Tackling the Science of Disaster

UConn professors on the beach near Sendai, in northeastern Japan, surveying the damage left by the tsunami of 2011. Note the recently raised sea wall, and trees with healthy branches indicating the height of the 2011 tsunami wave. (Photo courtesy of William Ouimet)

UConn professors on the beach near Sendai, in northeastern Japan, surveying the damage left by the tsunami of 2011. Note the recently raised sea wall, and trees with healthy branches indicating the height of the 2011 tsunami wave. (Photo courtesy of William Ouimet)

By Amanda Falcone
This story originally appeared in UConn Today

The group visiting and discussing the tsunami-wrecked Disaster Management Center in the coastal town of Minami-Sanriku. In March 2011, the 12 meter high building was covered by tsunami waves more than 15 meters high that were triggered by M9.0 Tohoku Earthquake. 43 local people were swept to their deaths from the building. The mounds of dirt adjacent to the building reflect the decision to raise the elevation of the ground in the coastal town to mitigate the effects of any future tsunami. (Photo courtesy of William Ouimet)

The group visiting and discussing the tsunami-wrecked Disaster Management Center in the coastal town of Minami-Sanriku. In March 2011, the 12 meter high building was covered by tsunami waves more than 15 meters high that were triggered by M9.0 Tohoku Earthquake. 43 local people were swept to their deaths from the building. The mounds of dirt adjacent to the building reflect the decision to raise the elevation of the ground in the coastal town to mitigate the effects of any future tsunami. (Photo courtesy of William Ouimet)

An earthquake off the coast of Japan on Nov. 22 struck the same area that the UConn group recently visited, and hit close to the area that was devastated in 2011. Although it caused far less destruction than the 2011 earthquake and tsunami, this year’s earthquake was another reminder of the importance of understanding and being prepared for disaster.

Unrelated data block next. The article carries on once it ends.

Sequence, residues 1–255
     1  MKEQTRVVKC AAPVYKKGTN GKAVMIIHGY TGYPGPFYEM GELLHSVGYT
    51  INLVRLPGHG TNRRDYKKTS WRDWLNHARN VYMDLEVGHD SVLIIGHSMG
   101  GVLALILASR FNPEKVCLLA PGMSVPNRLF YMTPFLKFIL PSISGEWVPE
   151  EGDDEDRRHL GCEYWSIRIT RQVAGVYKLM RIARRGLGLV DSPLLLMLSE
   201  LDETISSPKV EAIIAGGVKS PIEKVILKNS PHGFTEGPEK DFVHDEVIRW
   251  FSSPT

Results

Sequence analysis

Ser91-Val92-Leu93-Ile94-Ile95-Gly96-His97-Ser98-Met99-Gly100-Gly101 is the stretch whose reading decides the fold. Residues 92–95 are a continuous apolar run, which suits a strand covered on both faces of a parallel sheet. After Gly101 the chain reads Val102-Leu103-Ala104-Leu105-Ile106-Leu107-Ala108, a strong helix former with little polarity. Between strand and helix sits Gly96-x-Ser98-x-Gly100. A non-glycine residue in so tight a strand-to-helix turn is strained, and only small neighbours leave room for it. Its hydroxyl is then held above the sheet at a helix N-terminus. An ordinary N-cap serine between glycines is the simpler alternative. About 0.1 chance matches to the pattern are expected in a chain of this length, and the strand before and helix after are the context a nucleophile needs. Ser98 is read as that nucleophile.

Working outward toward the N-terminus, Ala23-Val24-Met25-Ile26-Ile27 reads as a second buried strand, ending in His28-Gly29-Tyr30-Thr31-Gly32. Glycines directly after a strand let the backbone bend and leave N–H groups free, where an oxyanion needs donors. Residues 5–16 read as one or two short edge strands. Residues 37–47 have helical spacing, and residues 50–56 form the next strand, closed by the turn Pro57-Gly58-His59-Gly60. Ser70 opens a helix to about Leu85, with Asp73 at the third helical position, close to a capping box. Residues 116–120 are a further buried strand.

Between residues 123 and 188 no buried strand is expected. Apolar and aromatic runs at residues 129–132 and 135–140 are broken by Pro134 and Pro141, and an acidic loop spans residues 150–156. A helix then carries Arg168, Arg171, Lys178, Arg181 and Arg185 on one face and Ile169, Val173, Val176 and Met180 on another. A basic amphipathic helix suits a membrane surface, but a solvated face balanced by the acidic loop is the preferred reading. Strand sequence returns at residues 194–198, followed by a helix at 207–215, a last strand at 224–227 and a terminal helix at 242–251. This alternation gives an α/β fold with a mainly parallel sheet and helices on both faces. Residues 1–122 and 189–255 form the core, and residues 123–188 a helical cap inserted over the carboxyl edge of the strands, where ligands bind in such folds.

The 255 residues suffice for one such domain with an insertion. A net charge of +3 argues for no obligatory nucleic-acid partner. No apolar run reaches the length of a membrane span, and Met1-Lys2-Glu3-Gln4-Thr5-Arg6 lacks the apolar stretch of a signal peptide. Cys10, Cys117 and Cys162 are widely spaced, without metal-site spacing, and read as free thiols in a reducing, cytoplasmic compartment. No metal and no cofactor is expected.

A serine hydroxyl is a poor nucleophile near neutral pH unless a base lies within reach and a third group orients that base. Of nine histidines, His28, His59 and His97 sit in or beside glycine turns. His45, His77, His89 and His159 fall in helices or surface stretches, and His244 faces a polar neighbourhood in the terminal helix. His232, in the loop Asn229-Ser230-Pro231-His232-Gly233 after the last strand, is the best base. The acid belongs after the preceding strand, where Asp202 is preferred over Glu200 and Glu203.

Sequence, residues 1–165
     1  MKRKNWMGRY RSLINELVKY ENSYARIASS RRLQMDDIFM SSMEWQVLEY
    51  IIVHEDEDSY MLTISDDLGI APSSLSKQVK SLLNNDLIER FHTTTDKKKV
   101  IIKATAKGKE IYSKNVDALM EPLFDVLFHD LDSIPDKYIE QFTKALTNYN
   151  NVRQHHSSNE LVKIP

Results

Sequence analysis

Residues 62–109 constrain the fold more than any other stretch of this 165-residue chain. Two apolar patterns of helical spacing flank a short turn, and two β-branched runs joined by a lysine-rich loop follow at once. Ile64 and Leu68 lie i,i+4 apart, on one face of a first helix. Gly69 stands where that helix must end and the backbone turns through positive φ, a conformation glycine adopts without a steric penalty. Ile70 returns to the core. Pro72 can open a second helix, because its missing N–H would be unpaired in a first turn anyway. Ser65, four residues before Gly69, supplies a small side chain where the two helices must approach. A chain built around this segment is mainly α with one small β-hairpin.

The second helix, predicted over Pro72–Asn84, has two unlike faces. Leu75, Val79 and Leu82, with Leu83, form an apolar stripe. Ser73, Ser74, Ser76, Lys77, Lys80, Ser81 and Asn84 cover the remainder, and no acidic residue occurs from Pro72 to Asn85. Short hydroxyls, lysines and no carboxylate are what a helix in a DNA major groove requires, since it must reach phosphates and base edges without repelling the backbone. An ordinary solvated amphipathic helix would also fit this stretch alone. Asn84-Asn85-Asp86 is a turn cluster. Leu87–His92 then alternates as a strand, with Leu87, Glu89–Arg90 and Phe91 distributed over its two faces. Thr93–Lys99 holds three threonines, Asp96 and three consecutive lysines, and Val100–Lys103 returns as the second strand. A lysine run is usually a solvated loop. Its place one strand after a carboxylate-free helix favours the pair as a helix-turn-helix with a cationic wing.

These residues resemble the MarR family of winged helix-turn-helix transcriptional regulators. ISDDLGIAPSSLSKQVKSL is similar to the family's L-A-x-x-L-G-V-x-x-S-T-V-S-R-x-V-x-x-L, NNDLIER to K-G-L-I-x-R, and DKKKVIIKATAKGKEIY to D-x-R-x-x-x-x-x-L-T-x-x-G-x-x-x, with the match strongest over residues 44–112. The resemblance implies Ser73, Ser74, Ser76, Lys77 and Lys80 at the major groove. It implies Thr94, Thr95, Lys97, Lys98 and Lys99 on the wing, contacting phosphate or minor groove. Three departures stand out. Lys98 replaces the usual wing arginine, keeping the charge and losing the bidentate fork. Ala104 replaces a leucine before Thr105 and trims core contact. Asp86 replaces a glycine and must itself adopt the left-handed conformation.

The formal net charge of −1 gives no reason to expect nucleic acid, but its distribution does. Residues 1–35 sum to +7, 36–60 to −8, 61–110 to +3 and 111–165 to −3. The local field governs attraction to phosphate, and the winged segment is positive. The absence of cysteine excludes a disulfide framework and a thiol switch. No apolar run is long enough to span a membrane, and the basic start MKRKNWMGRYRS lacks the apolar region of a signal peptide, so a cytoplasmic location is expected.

In 2011, an earthquake and tsunami devastated Japan, destroying buildings and claiming and changing lives. That natural disaster and its aftermath can be studied from many different perspectives, and has attracted the attention of three UConn professors in different fields of study who want to explore interdisciplinary opportunities.

Eleanor Ouimet is an anthropology professor; William Ouimet teaches geography; and Richard Christenson is a civil engineering professor. They represent three fields that don’t traditionally work together, but they have at least two things in common: an interest in disaster science and a desire to learn from one another.

“Interdisciplinary is a big buzz word right now, but how you do it is unclear,” Eleanor Ouimet says. “We can all benefit from learning each other’s language.”

In an effort to encourage collaboration and bring together their fields of study, the three professors teamed up to apply for a 2016 Research Excellence grant from UConn’s Office of the Vice President for Research. The goal: to create new opportunities for international research in disaster science.

From left, UConn professors William Ouimet, and Richard Christenson, Kohju Ikago professor of engineering at the International Research Institute of Disaster Science (IRIDeS), UConn professor Eleanor Ouimet, and students Cheyenne Haverfield, Sam Turek, and Akhil Choudhary. (Photo courtesy of William Ouimet)

From left, UConn professors William Ouimet, and Richard Christenson, Kohju Ikago professor of engineering at the International Research Institute of Disaster Science (IRIDeS), UConn professor Eleanor Ouimet, and students Cheyenne Haverfield, Sam Turek, and Akhil Choudhary. (Photo courtesy of William Ouimet)

The professors were awarded a $50,000 grant, and began planning an October trip to Japan to see firsthand how the 2011 earthquake and tsunami affected the country – its buildings, culture, and landscape. Japan is a good model, says Eleanor Ouimet, because it experiences intense disasters, but also has a sophisticated system in place for preparing for, and reporting, those disasters.